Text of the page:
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Tuesday, Oct 22, 2019

Sabya: 'Frog Princess', reinvented

'In order to change the system, you have to stay within the system.' These words from Madhur Bhandarkar's Page 3 aptly describe the genius of Sabyasachi. A New York librarian goes to disco. That sums up Sabya's new collection. Gimmicky? Yes. Predictable? No, writes Sunanda Kumar.

india Updated: Apr 26, 2005 12:03 IST
Sunanda Kumar
Sunanda Kumar
PTI
Hindustantimes
         

'In order to change the system, you have to stay within the system.' These words from Madhur Bhandarkar's Page 3 seem quite appropriate for designer genius, Sabyasachi.

A New York librarian goes to a disco. That pretty much sums up Sabyasachi's Spring/Summer 06 collection. Gimmicky? Yes. Predictable? No.

While the concept itself sounds a bit wannabe-ish like Malini Ramani's bad girls go looking for God or Rocky S' naach girls go clubbing, the similarity ends there.

Sabyasachi is his brilliant self from the concept itself. The intended dichotomy of models (considered brainless) wearing librarian glasses and carrying books is sheer genius. Their delicious curves hidden under oversized man shirts and layers of fabric again are truly unique. "A woman is best expressed in a man's clothes. I think there is something very sexy about women wearing an oversized masculine shirt," the Bengali lad says.

Even the name of his collection, "The Nair Sisters" (inspired by three sisters in his neighborhood), evokes images of frumpy matrons with oily hair and thick glasses. The hair is sleek but fashionably so. The glasses are visible but are chic like the ones worn by Preity Zinta in Kal Ho Na Ho or lately tennis sensation Sania Mirza.

Old rose pink printed chiffon slip dresses over knit pants with satin sashes, hand printed culottes under block printed smock dresses with double layered chiffon sleeves. Sounds familiar? That's because his collection last year, "The Frog Princess" had similar prints and fabrics.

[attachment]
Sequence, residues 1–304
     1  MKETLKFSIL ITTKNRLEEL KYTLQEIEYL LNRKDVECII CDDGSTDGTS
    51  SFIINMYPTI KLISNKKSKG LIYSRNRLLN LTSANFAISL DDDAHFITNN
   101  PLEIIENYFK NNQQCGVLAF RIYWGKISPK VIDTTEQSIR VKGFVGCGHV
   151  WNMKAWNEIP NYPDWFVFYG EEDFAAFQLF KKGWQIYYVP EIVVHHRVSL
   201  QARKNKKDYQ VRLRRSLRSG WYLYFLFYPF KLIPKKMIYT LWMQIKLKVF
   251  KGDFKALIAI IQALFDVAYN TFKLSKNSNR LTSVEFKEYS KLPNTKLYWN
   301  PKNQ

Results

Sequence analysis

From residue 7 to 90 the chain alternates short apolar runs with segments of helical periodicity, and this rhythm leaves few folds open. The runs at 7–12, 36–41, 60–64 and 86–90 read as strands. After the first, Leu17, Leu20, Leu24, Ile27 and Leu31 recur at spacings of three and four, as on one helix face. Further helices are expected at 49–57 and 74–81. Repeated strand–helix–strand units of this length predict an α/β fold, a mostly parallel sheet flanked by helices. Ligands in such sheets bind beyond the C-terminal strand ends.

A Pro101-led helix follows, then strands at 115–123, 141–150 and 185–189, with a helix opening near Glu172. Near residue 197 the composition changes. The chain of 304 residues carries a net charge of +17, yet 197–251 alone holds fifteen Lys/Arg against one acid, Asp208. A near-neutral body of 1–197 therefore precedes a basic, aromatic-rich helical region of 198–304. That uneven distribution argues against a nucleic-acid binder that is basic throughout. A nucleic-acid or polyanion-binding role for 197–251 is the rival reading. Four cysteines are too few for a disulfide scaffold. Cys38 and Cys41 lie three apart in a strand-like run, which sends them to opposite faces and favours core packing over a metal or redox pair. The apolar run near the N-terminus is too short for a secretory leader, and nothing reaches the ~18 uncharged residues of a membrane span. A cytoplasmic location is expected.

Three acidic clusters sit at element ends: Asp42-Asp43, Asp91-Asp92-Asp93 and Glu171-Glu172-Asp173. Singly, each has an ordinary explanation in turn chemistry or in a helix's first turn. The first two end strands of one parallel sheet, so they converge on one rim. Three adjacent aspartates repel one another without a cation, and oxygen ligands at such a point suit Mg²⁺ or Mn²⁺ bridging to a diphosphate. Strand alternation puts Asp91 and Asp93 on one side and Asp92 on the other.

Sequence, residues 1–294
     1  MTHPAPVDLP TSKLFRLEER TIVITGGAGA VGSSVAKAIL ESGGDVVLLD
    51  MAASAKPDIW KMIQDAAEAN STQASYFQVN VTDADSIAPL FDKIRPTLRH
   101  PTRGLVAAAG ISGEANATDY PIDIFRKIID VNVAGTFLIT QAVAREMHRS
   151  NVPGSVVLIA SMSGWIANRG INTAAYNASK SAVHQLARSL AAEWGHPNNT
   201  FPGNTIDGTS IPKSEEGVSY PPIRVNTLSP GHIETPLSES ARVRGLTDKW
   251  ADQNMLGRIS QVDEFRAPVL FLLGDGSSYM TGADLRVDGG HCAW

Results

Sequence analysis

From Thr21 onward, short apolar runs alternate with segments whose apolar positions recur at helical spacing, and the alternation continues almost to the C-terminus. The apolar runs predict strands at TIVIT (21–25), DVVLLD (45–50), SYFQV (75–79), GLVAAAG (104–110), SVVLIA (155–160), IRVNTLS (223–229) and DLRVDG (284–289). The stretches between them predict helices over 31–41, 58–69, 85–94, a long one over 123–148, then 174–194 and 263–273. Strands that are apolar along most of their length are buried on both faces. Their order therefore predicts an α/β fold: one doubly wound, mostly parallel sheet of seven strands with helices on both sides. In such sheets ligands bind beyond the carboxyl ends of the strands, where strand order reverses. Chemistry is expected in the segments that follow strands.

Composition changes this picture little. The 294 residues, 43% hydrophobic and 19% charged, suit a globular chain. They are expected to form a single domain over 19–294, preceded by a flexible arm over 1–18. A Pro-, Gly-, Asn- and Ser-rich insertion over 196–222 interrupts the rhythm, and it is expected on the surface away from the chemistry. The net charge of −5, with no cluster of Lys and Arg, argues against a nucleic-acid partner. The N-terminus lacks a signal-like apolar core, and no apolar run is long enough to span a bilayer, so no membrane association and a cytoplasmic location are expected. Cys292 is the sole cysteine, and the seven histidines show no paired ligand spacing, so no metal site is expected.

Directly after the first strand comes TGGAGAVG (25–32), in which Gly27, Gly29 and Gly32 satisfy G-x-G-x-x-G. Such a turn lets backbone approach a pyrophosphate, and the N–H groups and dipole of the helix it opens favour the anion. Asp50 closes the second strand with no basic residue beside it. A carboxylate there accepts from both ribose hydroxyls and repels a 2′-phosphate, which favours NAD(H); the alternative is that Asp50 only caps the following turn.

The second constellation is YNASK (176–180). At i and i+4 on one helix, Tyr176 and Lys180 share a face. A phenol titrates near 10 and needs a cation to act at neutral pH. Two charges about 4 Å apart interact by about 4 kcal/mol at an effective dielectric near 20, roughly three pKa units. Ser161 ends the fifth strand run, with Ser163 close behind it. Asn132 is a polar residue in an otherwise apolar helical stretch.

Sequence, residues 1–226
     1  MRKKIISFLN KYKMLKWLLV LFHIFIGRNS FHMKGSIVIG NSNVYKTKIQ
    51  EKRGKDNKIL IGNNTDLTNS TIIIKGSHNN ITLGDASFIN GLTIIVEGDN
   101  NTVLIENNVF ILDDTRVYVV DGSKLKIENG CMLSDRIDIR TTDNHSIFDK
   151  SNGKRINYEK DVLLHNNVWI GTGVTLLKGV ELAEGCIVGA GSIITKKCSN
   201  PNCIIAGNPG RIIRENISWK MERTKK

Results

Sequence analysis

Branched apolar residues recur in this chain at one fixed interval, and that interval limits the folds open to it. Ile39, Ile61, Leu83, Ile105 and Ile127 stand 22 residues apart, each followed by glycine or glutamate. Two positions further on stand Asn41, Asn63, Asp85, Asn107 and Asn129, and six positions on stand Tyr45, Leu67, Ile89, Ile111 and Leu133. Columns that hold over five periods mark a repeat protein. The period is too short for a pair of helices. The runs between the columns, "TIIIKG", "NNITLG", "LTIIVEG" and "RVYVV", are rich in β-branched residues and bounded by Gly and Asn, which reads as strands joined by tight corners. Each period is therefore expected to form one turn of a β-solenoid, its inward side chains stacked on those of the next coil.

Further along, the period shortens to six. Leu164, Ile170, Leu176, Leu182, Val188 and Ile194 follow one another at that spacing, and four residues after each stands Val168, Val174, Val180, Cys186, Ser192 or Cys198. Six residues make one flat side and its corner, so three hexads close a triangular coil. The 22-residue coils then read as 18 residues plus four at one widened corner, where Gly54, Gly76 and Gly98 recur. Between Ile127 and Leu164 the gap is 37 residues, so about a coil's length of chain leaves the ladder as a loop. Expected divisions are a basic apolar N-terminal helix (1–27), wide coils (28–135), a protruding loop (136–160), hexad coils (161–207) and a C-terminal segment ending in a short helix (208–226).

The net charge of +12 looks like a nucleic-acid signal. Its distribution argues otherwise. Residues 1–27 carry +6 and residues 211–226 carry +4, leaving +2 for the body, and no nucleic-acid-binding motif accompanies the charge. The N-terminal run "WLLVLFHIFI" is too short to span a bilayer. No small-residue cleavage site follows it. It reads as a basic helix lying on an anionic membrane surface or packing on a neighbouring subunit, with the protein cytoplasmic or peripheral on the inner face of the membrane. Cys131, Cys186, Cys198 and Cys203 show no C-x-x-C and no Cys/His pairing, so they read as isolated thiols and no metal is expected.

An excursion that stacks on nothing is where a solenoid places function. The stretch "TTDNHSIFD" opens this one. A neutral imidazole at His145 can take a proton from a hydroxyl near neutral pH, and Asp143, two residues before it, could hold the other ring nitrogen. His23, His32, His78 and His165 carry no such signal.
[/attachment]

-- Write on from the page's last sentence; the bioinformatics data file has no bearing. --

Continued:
This year's collection definitely had a taste of last year, but Sabyasachi glamourises this hangover, "Just like Prada reinvents its Vintage mood each year - but keeps the basic concept the same, I too have last year's influence in this year's collection," he said.

He wants to retain the basic look for 2-3 years and ultimately dissolve it into something new. However, the difference this year is that there is a lot less layering and the clothes are more practical. "Last year's collection was a lot more creative I feel. I put a lot of emphasis on layering and it was more a concept collection. I had a lot of problems in selling that so this year I focused on garments that are easier to make and sell," he candidly said.

Also this year, he had several structured jackets with intricate embroidery and some zari work. A dash of sequins and gold threadwork stood out - especially on the borders of his block-printed saris.

Mostly comprising of chiffon dresses and long skirts, the garments work great as separates - paired even with a simple pair of jeans.  "I think real fashion is all about layering when you are able to mix and match things rather than rely on what the designer tells you to wear," he said. Indeed, his collection was possibly the most expertly layered line yet.

Sabyasachi has had his hands full this last year. Apart from showcasing last year's collection at the Milan Fashion Week 2004 and Singapore Mercedes Asia Fashion Week, Sabya designed the clothes Sanjay Leela Bhansali's Black. "There is a huge difference between costume designing and fashion designing. With costume designing you are restricted to the demands of the character and the story while with fashion design you are free to do what you like," he said. So will we see more of his talent in Bollywood? "I'm much more comfortable being just a fashion designer," he smiled.

So there's the verdict, no more Bollywood for the Bengali the only way you can get a dekko at his delicious ensembles is to visit his retail outlets: Carma in Delhi; Ensemble in Bombay; Estee in Kolkata; Also in Hyderabad; Evoluzioni in Bangalore; or the high-end store Browns in London. If the 6,500 to 25,00 price tag is too high for you, pull some strings and get the coveted pass for his next show!

First Published: Apr 26, 2005 12:03 IST

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